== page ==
Begin typing your search above and press return to search. Press Esc to cancel.

Roon for Devialet

Roon for Devialet

The phrase “as we went to press” is often a euphemism for something happening close to the date of publication, but in the case of the latest update for the Devialet Expert 1000 Pro, it really was “as we went to press”. Within a minute of signing off the issue containing the Devialet Expert 1000 Pro review for printing, Devialet announced that its latest update unlocked Roon for the Expert range. This doesn’t invalidate the previous review, but the step of making the Devialet a Roon endpoint does make Devialet’s electronics seem even more attractive.

The fact Devialet can simply unlock Roon through firmware, rather than a deeper level hardware update speaks of the capacity of the Expert’s processing power, and how much it holds in reserve. Running Roon on a device can be a little more ‘nuanced’ than it seems in simple description, and – if we are being truly honest – requires more on-board processor firepower than many products can muster. It usually requires a wholly new model or extensive upgrading of the digital processing boards. This is why very few older models can achieve compatibility with Roon. Devialet, in part due to its constant upgrade path, and because of that inherent reservoir of processing power, has no such issues with Roon.

Updating the Devialet was performed in the company’s usual way; the SD card in the rear panel is removed and connected to your computer running Devialet’s Configurator webpage. As this also stores your configuration history, it should already have record of the products you use and how you configured your system. Load the latest firmware (and your custom CONFIG files) onto the SD card, insert it into the rear of your Devialet, press and hold the front power button and let it do its stuff.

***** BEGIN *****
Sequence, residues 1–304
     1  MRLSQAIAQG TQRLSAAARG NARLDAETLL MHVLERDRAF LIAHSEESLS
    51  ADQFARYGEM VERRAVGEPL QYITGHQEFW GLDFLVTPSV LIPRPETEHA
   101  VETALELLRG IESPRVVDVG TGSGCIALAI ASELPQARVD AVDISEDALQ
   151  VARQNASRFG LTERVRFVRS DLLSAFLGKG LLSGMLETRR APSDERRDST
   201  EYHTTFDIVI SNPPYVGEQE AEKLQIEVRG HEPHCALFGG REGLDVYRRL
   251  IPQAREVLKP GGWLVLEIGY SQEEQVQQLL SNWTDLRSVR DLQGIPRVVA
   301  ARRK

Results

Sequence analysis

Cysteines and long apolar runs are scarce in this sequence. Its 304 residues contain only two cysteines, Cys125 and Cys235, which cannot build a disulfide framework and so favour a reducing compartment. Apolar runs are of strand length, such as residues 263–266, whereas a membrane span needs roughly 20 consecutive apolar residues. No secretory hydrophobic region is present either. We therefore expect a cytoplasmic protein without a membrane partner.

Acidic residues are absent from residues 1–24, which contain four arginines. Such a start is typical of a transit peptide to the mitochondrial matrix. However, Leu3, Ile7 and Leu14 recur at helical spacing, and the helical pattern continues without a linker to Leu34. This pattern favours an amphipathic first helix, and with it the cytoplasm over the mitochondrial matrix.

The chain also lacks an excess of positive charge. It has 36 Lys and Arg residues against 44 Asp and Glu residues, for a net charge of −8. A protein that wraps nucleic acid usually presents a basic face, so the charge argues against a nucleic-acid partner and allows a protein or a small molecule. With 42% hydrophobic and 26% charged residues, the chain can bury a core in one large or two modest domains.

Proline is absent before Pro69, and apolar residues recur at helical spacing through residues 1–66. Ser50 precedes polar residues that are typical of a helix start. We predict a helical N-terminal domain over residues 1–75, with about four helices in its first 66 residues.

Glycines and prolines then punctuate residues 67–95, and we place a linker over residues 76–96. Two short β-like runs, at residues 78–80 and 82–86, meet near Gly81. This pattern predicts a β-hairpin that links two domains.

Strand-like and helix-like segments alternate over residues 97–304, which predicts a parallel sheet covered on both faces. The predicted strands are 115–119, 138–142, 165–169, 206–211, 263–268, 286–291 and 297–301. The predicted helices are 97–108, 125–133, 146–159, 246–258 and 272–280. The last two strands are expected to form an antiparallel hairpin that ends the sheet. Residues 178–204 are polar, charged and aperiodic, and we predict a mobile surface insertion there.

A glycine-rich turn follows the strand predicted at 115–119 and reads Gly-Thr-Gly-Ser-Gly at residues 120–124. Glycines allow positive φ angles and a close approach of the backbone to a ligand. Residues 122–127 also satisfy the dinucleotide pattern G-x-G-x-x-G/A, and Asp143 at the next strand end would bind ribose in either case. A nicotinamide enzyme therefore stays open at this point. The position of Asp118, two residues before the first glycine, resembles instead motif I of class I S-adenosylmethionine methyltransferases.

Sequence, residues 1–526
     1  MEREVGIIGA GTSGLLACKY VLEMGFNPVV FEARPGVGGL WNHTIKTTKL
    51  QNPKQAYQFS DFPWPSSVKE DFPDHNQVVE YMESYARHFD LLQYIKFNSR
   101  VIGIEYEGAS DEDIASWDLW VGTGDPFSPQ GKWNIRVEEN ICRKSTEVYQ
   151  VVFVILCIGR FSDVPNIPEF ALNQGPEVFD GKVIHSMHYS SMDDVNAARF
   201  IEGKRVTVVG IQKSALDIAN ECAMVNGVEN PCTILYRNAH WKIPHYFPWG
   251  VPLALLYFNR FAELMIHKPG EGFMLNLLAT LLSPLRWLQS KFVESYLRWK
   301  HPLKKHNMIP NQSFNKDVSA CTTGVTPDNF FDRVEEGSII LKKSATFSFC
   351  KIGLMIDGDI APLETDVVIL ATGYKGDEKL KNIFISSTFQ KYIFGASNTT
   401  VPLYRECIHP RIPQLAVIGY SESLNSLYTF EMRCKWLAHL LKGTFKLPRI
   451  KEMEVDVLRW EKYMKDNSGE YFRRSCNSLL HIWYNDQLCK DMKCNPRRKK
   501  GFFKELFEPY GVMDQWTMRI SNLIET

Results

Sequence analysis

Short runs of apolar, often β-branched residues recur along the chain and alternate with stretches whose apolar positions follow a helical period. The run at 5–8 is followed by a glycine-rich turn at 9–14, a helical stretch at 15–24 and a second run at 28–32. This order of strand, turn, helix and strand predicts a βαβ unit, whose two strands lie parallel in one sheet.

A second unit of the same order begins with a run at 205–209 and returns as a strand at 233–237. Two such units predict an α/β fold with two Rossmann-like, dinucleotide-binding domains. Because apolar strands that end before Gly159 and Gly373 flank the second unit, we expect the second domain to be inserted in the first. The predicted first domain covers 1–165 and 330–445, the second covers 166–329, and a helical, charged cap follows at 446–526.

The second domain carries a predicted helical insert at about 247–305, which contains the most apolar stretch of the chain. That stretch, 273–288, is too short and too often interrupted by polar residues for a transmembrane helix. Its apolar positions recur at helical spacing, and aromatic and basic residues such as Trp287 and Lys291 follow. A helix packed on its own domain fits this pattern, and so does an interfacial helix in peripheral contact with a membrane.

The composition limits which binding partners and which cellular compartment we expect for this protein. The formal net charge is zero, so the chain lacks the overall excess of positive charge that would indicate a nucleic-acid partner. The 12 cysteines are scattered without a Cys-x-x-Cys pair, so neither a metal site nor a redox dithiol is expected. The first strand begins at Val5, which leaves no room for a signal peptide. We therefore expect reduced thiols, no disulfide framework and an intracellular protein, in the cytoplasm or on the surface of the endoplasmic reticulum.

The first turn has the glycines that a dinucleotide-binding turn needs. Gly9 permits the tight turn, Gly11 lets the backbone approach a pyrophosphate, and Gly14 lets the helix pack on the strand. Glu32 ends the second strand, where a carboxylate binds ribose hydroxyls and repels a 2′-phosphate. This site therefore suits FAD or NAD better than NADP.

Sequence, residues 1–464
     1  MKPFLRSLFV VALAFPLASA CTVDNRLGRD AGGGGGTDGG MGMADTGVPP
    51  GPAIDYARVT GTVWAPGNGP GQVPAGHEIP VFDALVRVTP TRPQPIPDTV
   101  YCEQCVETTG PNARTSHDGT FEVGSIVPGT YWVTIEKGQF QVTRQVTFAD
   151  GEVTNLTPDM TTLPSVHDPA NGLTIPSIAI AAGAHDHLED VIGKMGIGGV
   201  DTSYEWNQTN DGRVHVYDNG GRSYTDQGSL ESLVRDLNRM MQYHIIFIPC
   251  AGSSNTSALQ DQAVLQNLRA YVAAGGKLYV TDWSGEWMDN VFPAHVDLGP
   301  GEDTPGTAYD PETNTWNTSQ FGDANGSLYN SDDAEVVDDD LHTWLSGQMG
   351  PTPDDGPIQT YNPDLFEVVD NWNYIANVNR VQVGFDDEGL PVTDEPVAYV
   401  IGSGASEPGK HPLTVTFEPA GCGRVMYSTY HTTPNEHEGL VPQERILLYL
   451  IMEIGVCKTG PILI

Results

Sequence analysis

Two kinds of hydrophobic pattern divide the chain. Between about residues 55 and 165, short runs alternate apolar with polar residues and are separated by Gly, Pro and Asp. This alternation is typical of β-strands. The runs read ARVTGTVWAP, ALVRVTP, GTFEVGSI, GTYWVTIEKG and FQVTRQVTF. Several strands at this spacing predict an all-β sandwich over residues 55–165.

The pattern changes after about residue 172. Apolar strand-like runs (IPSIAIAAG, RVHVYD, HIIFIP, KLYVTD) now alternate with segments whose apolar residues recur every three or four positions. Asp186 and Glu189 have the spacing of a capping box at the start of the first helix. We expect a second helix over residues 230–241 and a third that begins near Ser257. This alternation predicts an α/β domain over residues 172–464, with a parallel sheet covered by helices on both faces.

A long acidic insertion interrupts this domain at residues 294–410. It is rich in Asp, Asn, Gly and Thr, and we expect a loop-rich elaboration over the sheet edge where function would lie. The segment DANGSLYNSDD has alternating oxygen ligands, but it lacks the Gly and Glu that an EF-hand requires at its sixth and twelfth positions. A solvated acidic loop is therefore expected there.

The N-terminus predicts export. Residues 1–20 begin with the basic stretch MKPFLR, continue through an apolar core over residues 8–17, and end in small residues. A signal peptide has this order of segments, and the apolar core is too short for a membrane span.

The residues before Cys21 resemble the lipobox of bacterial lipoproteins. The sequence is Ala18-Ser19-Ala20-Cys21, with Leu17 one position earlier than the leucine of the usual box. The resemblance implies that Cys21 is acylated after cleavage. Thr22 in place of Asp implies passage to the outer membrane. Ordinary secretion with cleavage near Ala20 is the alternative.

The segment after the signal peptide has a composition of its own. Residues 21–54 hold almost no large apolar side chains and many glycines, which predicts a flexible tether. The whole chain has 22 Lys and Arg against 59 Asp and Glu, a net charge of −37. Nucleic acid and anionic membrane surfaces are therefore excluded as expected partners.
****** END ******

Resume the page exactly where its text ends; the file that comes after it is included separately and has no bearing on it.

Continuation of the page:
Adding Roon means the purchase of a license and the download of Roon’s Core program (from roonlabs.com) and control programs or Apps. Roon then interrogates your stored music library (and ideally your TIDAL account) and builds an integrated music service. Adding Roon Readiness to the Devialet means Roon ‘discovers’ the Devialet on your network, automatically delivers music at its best possible format to the Roon Ready device, and takes over the control of the device. In other words, Devialet cedes control to Roon, and the listener effectively ‘lives’ in Roon’s Control app. Devialet’s own programs are all but forgotten once this takes place.

If this all sounds a little bit Invasion of the Body Snatchers, then you haven’t got what Roon can do for you. This is entirely understandable as it doesn’t easily translate from actions to page. The best way of thinking about Roon is it’s like inviting an infintely knowledgable and benign musicologist to simultaneously act as your personal musical curator, navigator, and butler. If you combine Roon with TIDAL in particular, you almost immediately stop thinking of music in terms of ‘your collection’ and ‘online’ and instead everything becomes one big musical mash-up. This still doesn’t quite get across the significance of Roon. Trial it, and you will.

 

Devialet and Roon are made for one another. The limitations of the Devialet system – Devialet Air and the lack of UPnP – move from ‘potential deal-breakers’ to ‘unimportant trifles’. The Devialet Expert amps effectively become thin clients for Roon, and you realise that perhaps this is the best way of working with audio electronics – let the computer side of things do all the heavy lifting, and let the amplifier get on with being an amplifier. There is also a commonality of elegance in the interfaces of both Devialet and Roon – they do not attempt to copy one another at all, but Devialet’s ability to control a sophisticated, complex digital amplifier using four buttons and a dial echoes Roon’s skills in allowing you to navigate your way through music like an eel through seaweed. In fairness to Roon, the programs are platform agnostic – so long as you have a Roon Ready device, Roon will support it. You could have a Bluesound box in one room, a Krell amp in another, and Devialet’s Expert models in a third, and it will all work together. And yet, I can’t help feeling that Devialet and Roon together benefits both in a way we’ve seldom seen. Even the Naim Nova’s ‘Roonification’ effectively replaces one extremely good app system for another. It’s more of an enhancement than a transformation, but with the Devialet and Roon combination, it’s a genuine transformation. I simply cannot imagine – or even understand – why someone with a Devialet that is Roon Ready is not a Roon user now. This is the best meeting of America and France since Mr. Hamburger hooked up with Mlle. French fries!